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Whereas a recent study reported an increased risk of colorectal cancer associated with any HFE germ line mutation (C282Y or H63D), other investigators have concluded there is no increased risk, or that any increase is dependent on polymorphisms in HFE-interacting genes such as the transferrin receptor (TFR). We have established the frequency of HFE mutations in colorectal cancer patients (n = 327) with a family history of the disease and randomly selected controls (n = 322); this design increases greatly the study's power. Genotyping for the TRF S142G polymorphism was also conducted on a large proportion of the study group. Using PCR, restriction enzyme mapping, sequencing followed by data analysis with Fisher's exact test and logistic regression, we show that the presence of any HFE mutation (Y282 or D63) was not associated with colorectal cancer risk (P = 0.57). In contrast, individuals compound heterozygous for both mutations (15 cases versus 5 controls) had thrice the odds of developing colorectal cancer (odds ratio, 3.03; 95% confidence interval, 1.06-8.61) compared with those with a single mutation. This finding did not quite reach statistical significance after allowing for multiple post hoc testing (P(observed) = 0.038 versus P = 0.025, with Bonferonni correction). Overall, our data indicate that individuals with a single HFE mutation, C282Y or H63D, are unlikely predisposed to develop colorectal cancer. However, risk of colorectal cancer might be increased by compound heterozygosity for the HFE mutations in the small number of subjects studied. TFR gene polymorphism was not an independent risk factor and did not modify the disease risk associated with HFE mutation.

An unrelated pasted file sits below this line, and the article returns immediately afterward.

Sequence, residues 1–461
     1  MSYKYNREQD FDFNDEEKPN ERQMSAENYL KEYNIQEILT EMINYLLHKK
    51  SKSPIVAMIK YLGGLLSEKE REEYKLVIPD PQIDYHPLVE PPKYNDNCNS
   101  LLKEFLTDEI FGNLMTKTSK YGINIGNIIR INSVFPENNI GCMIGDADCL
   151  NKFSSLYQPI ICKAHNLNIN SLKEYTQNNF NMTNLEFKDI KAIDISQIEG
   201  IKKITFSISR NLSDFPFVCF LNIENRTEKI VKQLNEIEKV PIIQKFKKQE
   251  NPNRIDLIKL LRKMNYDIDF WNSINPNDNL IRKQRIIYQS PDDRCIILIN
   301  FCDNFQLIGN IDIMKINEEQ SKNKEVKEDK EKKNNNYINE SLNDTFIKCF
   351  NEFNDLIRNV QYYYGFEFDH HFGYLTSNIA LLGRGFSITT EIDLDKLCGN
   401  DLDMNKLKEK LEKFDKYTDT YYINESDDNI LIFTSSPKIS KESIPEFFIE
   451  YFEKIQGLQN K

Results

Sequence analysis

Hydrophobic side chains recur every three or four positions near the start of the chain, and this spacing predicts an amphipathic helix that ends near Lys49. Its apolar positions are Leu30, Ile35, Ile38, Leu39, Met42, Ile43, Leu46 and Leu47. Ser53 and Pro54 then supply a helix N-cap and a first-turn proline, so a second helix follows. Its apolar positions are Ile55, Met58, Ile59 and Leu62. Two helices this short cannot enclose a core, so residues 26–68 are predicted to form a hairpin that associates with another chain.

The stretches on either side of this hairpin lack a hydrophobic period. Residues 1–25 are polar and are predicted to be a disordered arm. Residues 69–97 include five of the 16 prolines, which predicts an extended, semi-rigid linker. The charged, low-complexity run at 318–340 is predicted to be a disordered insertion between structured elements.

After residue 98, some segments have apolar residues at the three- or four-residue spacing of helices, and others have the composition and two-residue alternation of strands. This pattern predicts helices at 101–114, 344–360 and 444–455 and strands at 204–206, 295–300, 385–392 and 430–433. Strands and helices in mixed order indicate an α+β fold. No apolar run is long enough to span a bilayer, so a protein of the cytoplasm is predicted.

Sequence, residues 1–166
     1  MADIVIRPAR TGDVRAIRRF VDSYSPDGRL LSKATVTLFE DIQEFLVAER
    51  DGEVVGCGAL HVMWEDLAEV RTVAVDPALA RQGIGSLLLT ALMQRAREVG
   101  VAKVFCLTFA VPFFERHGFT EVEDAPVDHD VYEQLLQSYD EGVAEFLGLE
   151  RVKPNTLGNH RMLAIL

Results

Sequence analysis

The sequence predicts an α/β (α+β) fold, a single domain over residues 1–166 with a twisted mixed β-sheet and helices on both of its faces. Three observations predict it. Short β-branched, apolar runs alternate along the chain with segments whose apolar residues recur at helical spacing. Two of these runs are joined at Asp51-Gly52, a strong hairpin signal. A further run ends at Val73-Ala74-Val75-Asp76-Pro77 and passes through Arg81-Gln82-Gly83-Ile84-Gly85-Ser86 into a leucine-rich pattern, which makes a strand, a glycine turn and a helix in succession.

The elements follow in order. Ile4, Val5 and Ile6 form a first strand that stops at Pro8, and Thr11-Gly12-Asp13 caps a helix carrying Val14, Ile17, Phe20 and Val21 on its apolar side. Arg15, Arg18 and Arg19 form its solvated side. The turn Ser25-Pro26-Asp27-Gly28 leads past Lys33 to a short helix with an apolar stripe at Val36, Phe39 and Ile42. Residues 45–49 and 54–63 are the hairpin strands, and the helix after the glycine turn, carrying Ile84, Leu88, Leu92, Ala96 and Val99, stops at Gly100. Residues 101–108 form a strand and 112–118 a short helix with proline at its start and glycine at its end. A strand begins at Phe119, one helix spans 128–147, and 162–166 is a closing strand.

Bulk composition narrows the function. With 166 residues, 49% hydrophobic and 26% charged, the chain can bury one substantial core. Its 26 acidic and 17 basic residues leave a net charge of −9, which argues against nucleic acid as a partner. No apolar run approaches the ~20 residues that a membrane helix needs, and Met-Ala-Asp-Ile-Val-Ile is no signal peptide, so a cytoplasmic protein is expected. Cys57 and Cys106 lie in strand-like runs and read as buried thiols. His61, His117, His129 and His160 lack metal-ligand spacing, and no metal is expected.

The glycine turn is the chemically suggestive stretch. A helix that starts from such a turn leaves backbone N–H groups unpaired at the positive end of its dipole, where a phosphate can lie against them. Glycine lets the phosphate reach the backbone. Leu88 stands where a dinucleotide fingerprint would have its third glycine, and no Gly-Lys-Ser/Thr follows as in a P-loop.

Original publication

DOI

10.1158/1055-9965.EPI-04-0672

Type

Journal article

Journal

Cancer Epidemiol Biomarkers Prev

Publication Date

06/2005

Volume

14

Pages

1460 - 1463

Keywords

Adult, Aged, Case-Control Studies, Colorectal Neoplasms, Female, Genotype, Germ-Line Mutation, Hemochromatosis Protein, Heterozygote, Histocompatibility Antigens Class I, Humans, Male, Membrane Proteins, Middle Aged, Odds Ratio, Polymerase Chain Reaction, Polymorphism, Genetic, Risk Factors